John Havlicek died yesterday.  He was 79 years old.

I don’t think they will miss his passing in Boston where he was one of the great Celtics along with Bob Cousy,  Bill Russell, Tommy Heinsohn, K. C. Jones, etc. Havlicek played all of his career in Boston. Bob Cousy inflamed Boston’s love affair with its Celtics and Bill Russell masterfully defined it. Havlicek was its heartbeat.

Havlicek’s Celtics took home 8 NBA titles during his time with the team. He was played in 13 NBA All-Star games. Remarkably, his 26,395 points makes him the Celtics biggest career scorer.

Havlicek played from 1962 to 1978. “Hondo” as he was called, played in 1270 games averaging 20.8 points per game. He averaged 6.3 rebounds per game and had 8077 career rebounds. His field goal percentage was 43.9 and his free throw percentage was 81.5.

Havlicek’s parents were Czechoslovakian immigrants and he grew up Martins Ferry, Ohio along just across the Ohio River from Wheeling West Virginia. Havlicek was an all-around athlete. He played tirelessly all his 16 seasons for the Boston Celtics. He played guard and small forward.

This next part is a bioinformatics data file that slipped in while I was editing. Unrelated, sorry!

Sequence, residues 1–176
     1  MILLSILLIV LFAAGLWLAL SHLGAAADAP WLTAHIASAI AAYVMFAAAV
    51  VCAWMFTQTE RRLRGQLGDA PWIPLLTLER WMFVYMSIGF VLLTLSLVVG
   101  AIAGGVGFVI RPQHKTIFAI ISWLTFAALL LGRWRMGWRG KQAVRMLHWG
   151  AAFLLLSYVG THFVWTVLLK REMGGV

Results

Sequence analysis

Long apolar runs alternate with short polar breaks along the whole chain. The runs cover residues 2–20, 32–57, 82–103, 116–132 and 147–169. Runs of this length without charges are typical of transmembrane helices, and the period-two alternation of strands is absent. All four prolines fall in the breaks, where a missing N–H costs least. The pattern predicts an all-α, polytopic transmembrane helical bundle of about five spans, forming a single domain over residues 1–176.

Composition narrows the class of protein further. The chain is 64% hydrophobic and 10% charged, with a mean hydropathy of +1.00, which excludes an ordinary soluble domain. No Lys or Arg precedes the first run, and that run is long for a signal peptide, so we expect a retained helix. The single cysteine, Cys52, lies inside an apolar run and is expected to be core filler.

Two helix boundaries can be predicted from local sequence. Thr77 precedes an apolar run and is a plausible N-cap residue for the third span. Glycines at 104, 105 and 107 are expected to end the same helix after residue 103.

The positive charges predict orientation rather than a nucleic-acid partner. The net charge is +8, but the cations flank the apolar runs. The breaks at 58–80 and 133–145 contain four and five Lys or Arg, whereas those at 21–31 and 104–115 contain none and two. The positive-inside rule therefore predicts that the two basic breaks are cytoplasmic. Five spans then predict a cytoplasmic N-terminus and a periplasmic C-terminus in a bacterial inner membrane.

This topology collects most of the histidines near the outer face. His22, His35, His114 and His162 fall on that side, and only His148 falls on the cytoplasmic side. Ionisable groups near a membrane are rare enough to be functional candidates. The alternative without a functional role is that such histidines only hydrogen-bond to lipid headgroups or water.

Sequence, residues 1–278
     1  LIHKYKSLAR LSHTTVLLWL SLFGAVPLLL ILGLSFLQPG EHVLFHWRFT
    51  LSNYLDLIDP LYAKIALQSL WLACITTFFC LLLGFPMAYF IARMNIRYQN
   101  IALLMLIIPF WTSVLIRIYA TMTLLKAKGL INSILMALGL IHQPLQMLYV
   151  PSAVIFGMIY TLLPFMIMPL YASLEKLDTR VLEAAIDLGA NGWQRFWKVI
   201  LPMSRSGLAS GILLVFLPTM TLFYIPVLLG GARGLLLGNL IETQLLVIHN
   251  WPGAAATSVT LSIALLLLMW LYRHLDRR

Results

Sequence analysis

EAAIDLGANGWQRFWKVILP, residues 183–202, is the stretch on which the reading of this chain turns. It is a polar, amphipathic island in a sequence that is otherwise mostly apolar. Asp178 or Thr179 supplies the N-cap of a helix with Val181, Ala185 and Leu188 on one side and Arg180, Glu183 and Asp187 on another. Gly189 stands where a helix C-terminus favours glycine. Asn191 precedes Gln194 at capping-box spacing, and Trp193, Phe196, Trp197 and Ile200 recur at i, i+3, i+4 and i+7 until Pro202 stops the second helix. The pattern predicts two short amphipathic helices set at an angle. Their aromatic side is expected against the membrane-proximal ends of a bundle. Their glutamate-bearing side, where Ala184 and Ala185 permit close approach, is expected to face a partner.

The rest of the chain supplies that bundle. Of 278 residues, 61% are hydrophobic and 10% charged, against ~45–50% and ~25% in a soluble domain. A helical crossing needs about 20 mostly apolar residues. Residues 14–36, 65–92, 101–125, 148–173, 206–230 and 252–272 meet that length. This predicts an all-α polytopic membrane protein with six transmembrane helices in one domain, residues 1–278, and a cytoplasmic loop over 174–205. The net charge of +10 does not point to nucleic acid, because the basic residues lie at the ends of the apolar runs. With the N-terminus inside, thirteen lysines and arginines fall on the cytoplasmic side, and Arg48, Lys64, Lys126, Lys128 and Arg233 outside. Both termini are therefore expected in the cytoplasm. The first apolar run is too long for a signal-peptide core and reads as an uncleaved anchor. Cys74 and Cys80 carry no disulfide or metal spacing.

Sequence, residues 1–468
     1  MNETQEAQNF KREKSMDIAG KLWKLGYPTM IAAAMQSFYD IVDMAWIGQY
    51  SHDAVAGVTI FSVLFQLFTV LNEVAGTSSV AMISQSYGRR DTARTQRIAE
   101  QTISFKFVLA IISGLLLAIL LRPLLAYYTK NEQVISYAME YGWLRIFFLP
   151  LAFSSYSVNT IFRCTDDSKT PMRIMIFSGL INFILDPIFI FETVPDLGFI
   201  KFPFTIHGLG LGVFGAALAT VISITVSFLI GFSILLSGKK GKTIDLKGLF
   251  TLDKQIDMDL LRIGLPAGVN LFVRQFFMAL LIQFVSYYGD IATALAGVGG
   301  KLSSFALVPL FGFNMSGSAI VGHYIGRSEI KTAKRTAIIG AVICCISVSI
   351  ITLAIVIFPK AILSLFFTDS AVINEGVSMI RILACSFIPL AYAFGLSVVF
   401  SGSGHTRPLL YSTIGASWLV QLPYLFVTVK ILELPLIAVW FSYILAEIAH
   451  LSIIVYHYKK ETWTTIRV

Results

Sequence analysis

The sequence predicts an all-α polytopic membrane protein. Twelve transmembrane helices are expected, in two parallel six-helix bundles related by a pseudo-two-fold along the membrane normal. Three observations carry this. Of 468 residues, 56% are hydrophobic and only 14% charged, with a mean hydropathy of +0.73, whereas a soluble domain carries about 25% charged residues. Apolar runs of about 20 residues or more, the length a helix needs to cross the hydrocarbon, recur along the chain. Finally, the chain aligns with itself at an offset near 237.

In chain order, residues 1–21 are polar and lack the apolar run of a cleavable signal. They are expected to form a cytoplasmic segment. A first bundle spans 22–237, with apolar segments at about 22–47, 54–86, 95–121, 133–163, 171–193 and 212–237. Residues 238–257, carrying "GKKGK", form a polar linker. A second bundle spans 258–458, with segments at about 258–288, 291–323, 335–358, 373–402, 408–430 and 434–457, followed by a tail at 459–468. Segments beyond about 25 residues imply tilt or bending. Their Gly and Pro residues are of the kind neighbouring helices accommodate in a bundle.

In the 1965 Eastern Conference finals,  Havlicek intercepted a Philadelphia 76ers pass at the end of the game to seal the victory.  This performance is becoming the “elevator speech” on Havlicek’s career. But like all elevator speeches, it does not do the subject justice.

It’s better to see an athletes performance on the “playing field” to best understand his or her contribution. Those who watched Havlicek play on TV or in person have a much better understanding of his contribution to the Celtics and the game.

In Havlicek’s time, he was more than anything else relentless. He just kept going and going. He was all about hustle. He was also fearless. You could watch the Celtics play and they always had the right mix of defense and offense to win so many times.  And year after year after year, the Celtics were back at it and Havlicek was always there.